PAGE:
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Will Netflix raise prices? The survey shows that its pricing power has increased – variety

3 min read

Netflix’s price offer for American customers has risen during the coronavirus epidemic – and the question for the No. 1 subscription streamer isn’t when it raises the next price.

Even amid intense competition from Disney Plus, HBO Max, Apple TV Plus and others, Netflix has seen its pricing power rise over the past five months, according to a study published this week by Coven & Co. analysts led by John Blacklage.

The Wall Street Firm’s monthly survey of nearly 2,500 U.S. subscribers showed that overall Netflix subscribers reported that they would be willing to pay more than they currently do, up from 4% in December 2012 to 55% in May 2020. And among respondents who streamed more hours per week to Netflix content, the willingness to pay more increased over the same period from 52% to 0%.

“We are not surprised after this year we have kept the COVID-19 [Netflix] As Coin analysts write, it will gain value power as it becomes a more necessary entertainment service and the data from our survey support this thesis.

Analysts do not expect Netflix to raise prices in 2020, but say the company is in a good position beyond ‘21’. The company’s content costs are expected to hit 15 15.4 billion (on a cash basis) by 2020, with investments in high-quality TV and movie content in the genres “probably confirming” [Netflix] In our view the top spot in the living room over time, ”Coven said.

Note that the survey data reflects a snapshot over time, and a sprinter could make the U.S. economy and relatively high unemployment customers increasingly price sensitive. Moreover, what people imagine they will do (i.e. willing to pay more for Netflix) does not always match the actual behavior.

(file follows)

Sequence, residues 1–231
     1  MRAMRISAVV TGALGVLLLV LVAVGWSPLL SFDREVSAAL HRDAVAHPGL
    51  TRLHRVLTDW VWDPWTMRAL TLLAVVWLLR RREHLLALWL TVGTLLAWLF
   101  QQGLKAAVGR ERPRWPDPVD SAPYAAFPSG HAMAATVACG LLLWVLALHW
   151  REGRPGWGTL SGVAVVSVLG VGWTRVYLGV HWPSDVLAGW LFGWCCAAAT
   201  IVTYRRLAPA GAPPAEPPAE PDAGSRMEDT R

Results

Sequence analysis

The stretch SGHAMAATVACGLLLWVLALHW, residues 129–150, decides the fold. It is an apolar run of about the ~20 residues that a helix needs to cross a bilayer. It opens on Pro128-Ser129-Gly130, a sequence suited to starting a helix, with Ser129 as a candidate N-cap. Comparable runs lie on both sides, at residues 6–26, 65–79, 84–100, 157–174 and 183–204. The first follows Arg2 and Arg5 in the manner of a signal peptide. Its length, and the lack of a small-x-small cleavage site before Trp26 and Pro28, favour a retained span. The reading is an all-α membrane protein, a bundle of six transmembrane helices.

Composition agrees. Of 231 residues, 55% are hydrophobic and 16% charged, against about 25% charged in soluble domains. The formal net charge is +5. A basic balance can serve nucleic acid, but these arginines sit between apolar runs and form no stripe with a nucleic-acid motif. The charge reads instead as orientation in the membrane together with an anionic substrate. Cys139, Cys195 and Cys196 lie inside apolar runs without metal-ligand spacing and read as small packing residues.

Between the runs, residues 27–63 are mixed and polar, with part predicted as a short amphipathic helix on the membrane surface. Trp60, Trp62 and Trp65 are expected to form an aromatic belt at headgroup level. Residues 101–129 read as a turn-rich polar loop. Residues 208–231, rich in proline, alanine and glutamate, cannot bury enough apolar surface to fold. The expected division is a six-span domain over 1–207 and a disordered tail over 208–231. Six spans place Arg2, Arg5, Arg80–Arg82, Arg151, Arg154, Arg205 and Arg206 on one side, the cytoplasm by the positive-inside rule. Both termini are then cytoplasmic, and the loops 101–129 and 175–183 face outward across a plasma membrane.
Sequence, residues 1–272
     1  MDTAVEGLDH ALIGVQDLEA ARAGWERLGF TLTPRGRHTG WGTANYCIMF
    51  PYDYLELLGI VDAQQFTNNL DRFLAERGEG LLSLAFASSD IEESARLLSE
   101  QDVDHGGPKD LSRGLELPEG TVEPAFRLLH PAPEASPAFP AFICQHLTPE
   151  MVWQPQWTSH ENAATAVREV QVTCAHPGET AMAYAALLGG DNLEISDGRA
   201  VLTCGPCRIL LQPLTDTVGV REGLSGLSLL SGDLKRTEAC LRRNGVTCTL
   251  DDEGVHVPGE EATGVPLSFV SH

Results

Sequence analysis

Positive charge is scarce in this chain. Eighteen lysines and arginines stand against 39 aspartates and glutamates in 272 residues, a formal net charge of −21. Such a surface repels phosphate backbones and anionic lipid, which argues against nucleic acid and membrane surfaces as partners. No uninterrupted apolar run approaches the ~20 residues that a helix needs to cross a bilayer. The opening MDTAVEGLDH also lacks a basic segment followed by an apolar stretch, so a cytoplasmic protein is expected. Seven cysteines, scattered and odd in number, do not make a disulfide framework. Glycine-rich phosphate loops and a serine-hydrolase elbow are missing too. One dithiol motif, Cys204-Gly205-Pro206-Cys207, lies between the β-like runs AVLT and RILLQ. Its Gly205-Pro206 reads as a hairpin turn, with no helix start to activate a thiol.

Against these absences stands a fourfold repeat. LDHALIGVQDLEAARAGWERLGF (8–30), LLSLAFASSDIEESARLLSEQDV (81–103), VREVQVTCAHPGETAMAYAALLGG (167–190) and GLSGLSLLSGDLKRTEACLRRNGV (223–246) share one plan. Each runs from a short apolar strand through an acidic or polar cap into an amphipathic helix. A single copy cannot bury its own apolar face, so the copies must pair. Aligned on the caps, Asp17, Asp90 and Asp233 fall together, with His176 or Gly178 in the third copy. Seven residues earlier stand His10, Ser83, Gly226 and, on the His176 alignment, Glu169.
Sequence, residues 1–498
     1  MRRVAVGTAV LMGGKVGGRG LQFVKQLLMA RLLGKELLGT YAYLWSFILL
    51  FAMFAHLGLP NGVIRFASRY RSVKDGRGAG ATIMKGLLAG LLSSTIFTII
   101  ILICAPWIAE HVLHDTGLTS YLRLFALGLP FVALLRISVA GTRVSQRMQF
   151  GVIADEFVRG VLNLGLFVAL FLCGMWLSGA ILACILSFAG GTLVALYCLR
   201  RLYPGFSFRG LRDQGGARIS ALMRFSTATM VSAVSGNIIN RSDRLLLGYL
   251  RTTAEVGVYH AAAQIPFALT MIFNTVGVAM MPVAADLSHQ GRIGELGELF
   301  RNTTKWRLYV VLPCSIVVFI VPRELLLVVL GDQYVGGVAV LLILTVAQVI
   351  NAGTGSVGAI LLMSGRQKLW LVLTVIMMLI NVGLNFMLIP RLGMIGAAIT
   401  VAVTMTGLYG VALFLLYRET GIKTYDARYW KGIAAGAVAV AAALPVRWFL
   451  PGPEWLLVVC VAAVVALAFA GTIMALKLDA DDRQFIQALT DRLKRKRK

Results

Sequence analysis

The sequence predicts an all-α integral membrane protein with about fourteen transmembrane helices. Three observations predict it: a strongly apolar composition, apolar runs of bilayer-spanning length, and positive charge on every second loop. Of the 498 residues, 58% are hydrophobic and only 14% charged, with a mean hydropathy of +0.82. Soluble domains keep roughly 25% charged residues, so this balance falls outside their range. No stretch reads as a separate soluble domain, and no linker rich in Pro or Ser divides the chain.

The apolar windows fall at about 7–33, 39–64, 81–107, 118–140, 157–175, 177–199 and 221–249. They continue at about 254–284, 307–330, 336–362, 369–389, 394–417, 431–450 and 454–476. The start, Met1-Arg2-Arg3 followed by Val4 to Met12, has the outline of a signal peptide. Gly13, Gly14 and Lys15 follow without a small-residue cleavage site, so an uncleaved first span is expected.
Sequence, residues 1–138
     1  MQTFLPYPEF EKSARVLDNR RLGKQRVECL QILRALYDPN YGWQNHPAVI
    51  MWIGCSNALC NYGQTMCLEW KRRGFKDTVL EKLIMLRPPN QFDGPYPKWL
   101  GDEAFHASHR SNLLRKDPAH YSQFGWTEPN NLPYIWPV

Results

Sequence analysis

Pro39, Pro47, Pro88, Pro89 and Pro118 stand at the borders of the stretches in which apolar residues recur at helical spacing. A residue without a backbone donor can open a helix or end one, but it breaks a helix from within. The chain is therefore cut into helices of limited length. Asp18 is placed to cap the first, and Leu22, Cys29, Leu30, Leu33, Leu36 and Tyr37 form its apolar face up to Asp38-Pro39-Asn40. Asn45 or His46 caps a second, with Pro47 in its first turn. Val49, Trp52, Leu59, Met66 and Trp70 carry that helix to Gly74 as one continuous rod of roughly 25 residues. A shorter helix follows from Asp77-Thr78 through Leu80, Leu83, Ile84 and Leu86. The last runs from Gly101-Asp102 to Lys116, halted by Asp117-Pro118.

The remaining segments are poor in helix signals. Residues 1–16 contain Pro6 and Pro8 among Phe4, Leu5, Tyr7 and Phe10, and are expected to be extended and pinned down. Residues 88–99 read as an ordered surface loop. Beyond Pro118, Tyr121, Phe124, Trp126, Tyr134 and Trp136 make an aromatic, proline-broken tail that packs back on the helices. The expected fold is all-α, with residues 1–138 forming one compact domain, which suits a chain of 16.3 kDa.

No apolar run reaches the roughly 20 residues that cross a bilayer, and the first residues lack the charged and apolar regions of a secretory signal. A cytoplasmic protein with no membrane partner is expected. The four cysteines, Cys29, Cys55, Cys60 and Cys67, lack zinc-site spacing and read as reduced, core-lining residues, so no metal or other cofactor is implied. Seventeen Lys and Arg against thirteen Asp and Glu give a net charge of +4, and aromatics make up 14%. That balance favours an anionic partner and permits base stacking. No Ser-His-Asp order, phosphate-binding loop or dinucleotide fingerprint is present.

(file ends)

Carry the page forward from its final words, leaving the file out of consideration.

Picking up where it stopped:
Netflix’s latest popular plans – standard tires, including two HD streams – increased prices starting in the first quarter of 2019, increased 18% in the United States from 99.99 to 99.99 per month, the price increased through Q2, and Netflix’s cancellation rate increased in the second half of the year. Its revenue growth has also accelerated: full-year 2019 revenue has surpassed 20% free customer growth, reaching 28% to .2 20.2 billion.

Source: Coven & Co. Consumer Tracking Survey, December 2019-May 2020

During an interview with the firm’s Q12020 earnings for investors, Chief Product Officer Greg Peters said consumer trends in January-February this year “returned to a fairly slow level of pre-price-change.” Netflix has fined a whopping 15.8 million new subscribers during this period thanks to Coronavirus, hitting about 183 million worldwide.

“Right now, we’re not thinking about raising prices,” Peters said in April. During the Cavid-19 crisis, “We just want to be super-centralized … We’re sure we’ll be there, get a great service and make sure we’re able to provide entertainment and escape for the members around us.”

Q2 results are due to be reported on July 16 after the Netflix market closes. The company forecasts 7.5 million net additions worldwide in the second quarter, compared to 6.8 million in the year-ago period.

As a result of the global COVID-19 ban, Netflix says it expects to see a slowdown in subscribing and subscriber growth in the second half of 2020. However, as the number of coronavirus cases in the U.S. has increased in recent weeks with level recordings, increased home quarantines could benefit Netflix to move to Q3.

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